Because of its size and longevity, the Child Health and Development Studies is helping researchers tease apart the complex series of events and exposures starting before birth that may lead to cancer and other diseases many decades later. A growing number of studies suggests that the hormones and chemicals a child is exposed to in the womb may play a big role in her development of a number of diseases.
The decades-old blood is what makes the research so exciting, said Julia Brody, executive director of the Silent Spring Institute, a non-profit breast cancer research organization based in Massachusetts.
“It’s so helpful to have both measurements collected years ago and the potential to follow people for a long time to see what happens,” said Brody, who is an advisor for the Three Generations Study.
In the 1950s, scientists were not thinking about the fetal origins of adult diseases. They were not archiving blood and urine from pregnant women and their newborns for future generations of researchers to study. That all changed with the forward-thinking scientists in Oakland.
In 1959, under the direction of Jacob Yerushalmy, a professor of biostatistics at the University of California, Berkeley, the first participants were enrolled through their health insurance provider, Kaiser Permanente. Over the years, many study families stuck with Kaiser. Having all study participants initially on a single health plan with its own clinics and hospitals helped researchers gather detailed information and samples from the families.
At doctor’s visits during childhood and adolescence, Ida Washington, who lives in San Leandro, Calif., remembers filling out questionnaires and having body measurements taken. “I never thought much about it,” she said. “The tests were just part of the routine.” It wasn’t until several years later, when she received that letter in the mail, that she realized what it was all for.
Ida works as a claims assistant for Kaiser Permanente in Oakland. She has a 30-year-old son she hopes will be asked to participate in a men’s follow-up study. Her mother, Willie Mae, who worked as a nursing aid in convalescent and private homes at the time, no longer remembers when she was approached about the study or why she joined. “I think shortly after Ida was born,” she said. “I had three older children. Ida was my baby.”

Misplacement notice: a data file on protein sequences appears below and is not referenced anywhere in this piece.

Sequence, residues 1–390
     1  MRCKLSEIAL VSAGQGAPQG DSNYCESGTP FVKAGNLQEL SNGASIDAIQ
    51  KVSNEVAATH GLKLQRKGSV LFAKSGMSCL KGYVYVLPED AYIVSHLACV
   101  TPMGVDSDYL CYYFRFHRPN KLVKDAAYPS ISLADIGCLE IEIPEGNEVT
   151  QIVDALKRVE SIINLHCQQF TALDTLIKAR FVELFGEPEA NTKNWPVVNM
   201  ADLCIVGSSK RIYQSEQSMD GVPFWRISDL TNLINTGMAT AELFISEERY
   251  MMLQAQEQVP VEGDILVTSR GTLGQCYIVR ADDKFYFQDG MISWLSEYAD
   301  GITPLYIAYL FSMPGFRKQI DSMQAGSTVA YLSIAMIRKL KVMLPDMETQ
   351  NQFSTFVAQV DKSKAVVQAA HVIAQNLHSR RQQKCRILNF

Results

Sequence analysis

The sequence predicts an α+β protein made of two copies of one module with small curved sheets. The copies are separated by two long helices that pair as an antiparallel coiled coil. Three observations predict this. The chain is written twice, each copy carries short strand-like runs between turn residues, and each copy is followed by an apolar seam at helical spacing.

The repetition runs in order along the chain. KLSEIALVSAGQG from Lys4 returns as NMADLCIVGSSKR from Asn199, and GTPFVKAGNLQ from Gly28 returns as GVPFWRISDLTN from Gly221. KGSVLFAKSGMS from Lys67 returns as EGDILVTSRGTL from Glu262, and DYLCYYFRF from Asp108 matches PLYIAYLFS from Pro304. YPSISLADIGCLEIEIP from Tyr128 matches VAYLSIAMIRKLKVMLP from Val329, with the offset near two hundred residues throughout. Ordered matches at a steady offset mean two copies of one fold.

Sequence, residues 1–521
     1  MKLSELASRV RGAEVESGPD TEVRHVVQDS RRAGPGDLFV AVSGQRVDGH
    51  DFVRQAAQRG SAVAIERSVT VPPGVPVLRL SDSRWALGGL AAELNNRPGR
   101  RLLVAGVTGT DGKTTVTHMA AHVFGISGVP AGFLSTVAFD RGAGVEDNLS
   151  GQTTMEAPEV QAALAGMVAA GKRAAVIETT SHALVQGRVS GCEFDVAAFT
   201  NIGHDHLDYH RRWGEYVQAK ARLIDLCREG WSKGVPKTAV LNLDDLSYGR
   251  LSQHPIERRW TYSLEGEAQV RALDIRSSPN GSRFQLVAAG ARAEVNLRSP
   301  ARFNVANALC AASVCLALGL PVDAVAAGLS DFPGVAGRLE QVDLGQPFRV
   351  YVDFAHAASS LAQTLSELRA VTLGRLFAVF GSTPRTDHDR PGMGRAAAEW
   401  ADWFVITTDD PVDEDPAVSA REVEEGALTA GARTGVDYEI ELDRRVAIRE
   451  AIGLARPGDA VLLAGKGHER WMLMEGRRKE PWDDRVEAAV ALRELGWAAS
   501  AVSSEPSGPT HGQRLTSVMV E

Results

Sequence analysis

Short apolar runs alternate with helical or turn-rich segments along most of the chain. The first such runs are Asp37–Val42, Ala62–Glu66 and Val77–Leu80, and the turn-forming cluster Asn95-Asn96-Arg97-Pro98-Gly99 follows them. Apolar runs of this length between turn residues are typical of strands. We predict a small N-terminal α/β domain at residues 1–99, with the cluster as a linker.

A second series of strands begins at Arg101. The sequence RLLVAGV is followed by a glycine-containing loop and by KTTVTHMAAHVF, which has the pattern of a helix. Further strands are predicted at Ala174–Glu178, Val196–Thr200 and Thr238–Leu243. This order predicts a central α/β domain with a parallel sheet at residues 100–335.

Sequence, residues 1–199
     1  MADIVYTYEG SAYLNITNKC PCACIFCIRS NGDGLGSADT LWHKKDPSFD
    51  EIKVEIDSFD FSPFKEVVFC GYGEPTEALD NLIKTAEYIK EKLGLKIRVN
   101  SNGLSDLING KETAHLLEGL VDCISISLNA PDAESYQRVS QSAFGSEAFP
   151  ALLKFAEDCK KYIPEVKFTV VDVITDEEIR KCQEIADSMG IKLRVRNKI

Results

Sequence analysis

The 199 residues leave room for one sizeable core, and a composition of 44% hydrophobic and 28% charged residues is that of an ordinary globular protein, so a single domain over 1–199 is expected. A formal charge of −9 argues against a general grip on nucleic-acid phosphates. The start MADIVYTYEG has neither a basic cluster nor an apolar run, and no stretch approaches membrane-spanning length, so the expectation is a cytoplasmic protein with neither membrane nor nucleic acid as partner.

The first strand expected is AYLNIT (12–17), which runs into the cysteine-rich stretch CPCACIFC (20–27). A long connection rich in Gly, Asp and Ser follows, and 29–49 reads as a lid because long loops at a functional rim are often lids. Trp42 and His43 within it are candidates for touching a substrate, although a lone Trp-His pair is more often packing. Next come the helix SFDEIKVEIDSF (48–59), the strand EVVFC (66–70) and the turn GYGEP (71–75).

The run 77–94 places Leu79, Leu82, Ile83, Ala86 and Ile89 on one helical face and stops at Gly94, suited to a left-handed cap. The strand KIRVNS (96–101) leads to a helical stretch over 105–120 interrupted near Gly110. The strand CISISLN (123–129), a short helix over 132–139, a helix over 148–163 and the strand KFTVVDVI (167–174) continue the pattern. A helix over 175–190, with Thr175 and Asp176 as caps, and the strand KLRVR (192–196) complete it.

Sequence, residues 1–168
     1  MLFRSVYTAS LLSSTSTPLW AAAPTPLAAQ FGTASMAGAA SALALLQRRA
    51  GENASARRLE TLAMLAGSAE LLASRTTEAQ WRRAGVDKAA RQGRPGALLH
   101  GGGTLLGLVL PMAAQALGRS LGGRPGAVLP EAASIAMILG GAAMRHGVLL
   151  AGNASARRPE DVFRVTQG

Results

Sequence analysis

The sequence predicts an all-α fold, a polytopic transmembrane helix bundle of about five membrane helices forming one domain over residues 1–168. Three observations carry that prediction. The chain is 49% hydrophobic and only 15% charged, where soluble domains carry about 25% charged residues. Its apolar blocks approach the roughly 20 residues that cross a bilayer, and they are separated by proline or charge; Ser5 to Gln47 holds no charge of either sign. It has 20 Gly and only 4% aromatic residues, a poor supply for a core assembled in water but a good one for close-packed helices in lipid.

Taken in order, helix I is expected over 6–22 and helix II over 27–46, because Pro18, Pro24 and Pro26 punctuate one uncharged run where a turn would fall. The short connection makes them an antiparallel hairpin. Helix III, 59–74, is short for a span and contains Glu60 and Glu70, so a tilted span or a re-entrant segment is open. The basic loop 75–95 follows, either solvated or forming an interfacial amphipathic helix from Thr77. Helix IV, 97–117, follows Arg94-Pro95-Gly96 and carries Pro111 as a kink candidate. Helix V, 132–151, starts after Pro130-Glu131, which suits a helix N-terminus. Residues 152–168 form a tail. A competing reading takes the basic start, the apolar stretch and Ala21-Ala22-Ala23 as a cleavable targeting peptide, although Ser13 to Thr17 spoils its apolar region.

The blood that Ida’s mother and the others provided years ago was frozen and now resides at a storage facility in Reston, Va. Cohn, the study director, rations serum from the archived vials sparingly. When the vials are gone, so is the information – and potential – that they hold.
New blood and urine samples, provided by the second generation of women, now in their late 40s and early 50s, as well as their daughters, are processed and stored at a state-of-the-art biorepository on the University of California, Berkeley's new Bay campus.
Decades ago, blood was simply put in a vial and frozen. Now scientists have come up with more sophisticated methods of dividing and preserving samples to ensure that researchers can extract even more data, explained Nina Holland, a professor at the School of Public Health and director of the biorepository where the new vials are kept.
Holland’s biorepository catalogues and stores specimens from 32 completed and ongoing scientific studies, but few of them contain the depth of information as the Child Health and Development Studies.
“The fact that you can go back 50 years is remarkable. This is probably one of the most valuable studies,” she said. It not only traces the health of its women over generations, but also allows researchers to go back and make connections between exposures they had early in life and diseases they developed as adults.